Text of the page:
China's consumer inflation picked up more than expected in August, mainly driven by food price increases because of seasonal factors.
Amid worries about inflation pressure caused by African swine fever and tariff tensions with the United States, there are no major concerns for significant inflation pressure in the coming months, pointing to mild inflation toward the end of this year, according to analysts and officials.
The consumer price index, a main gauge of inflation, rose 2.3 percent year-on-year in August, up from 2.1 percent in the previous month, the largest increase since February, according to the National Bureau of Statistics on Monday.
China is aiming to keep annual CPI growth at around 3 percent this year.
NBS statistician Sheng Guoqing attributed the higher than expected CPI growth to higher food prices in August that have been pushed up by adverse weather and the relatively limited supply of pork.
Food prices went up by 2.4 percent year-on-year in August, according to Sheng. Those prices jumped in August as hot, wet weather and an outbreak of swine fever in some regions decreased supplies in vegetables and pork, while seasonal factors also led to some price increases, Haitong Securities analysts Jiang Chao and Li Jinliu wrote in a note.
"We expect CPI in September to increase slightly to 2.5 percent year-on-year, led by a continued rise in pork prices and moderate growth of prices of vegetables and fruits," they said.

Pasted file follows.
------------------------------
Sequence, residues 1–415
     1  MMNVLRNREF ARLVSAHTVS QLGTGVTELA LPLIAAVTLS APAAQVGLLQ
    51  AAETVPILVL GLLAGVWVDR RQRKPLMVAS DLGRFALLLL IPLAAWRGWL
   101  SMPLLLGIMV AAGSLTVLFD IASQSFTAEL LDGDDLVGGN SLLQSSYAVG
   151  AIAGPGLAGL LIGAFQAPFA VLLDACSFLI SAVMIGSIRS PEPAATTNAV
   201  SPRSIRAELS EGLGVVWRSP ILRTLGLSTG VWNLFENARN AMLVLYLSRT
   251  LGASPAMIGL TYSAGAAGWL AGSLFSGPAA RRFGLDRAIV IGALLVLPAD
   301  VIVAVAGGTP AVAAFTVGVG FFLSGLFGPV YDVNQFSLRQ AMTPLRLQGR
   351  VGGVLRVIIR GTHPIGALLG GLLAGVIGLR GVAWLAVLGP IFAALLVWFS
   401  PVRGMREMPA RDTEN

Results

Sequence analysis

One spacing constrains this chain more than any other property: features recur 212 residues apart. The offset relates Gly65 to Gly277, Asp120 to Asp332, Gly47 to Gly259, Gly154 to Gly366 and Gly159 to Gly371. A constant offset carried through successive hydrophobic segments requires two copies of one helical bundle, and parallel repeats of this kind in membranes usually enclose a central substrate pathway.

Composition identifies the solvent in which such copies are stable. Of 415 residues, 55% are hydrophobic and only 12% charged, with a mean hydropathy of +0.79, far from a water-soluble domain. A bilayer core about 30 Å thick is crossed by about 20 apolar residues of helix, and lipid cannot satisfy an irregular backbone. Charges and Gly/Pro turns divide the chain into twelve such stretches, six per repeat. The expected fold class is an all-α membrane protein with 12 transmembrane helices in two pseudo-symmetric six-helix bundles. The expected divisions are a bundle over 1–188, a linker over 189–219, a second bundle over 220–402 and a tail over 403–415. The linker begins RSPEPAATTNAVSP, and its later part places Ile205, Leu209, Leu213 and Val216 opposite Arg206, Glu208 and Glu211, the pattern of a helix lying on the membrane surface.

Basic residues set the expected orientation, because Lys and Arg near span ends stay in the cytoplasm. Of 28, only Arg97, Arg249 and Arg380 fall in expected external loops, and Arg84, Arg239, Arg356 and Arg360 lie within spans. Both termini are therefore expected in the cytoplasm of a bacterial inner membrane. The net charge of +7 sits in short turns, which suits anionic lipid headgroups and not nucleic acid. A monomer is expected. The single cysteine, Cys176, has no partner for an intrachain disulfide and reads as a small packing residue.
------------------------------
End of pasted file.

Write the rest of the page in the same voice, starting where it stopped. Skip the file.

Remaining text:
The producer price index grew by 4.1 percent year-on-year in August, which is 0.5 percentage points slower than in the previous month, according to the National Bureau of Statistics.
The latest data come as worries of possible stagflation have emerged amid rising expectations for continued inflation and downward economic pressure.
Stagflation is characterized by slower economic growth and increased inflation.
Nevertheless, no signs have appeared to indicate a continued rise of inflation pressure, nor is the economy facing a hard landing later this year, according to a the National Development and Reform Commission official who declined to be identified.
Despite some downward pressure ahead, the government is not likely to proceed with a major policy easing to fend off financial risks, which means the monetary environment does not point to a sharp increase in inflation, according to the official.
As for additional tariff threats by the United States, the overall pressure remains by far under control, reflected by a monthly decline in edible oil prices in August despite a drop in soybean imports, according to Wang Qing, chief economist with Golden Credit Rating.
The two countries have already slapped tit-for-tat tariffs on $50 billion worth of goods, and the US is eying additional tariffs on $200 billion in Chinese imports.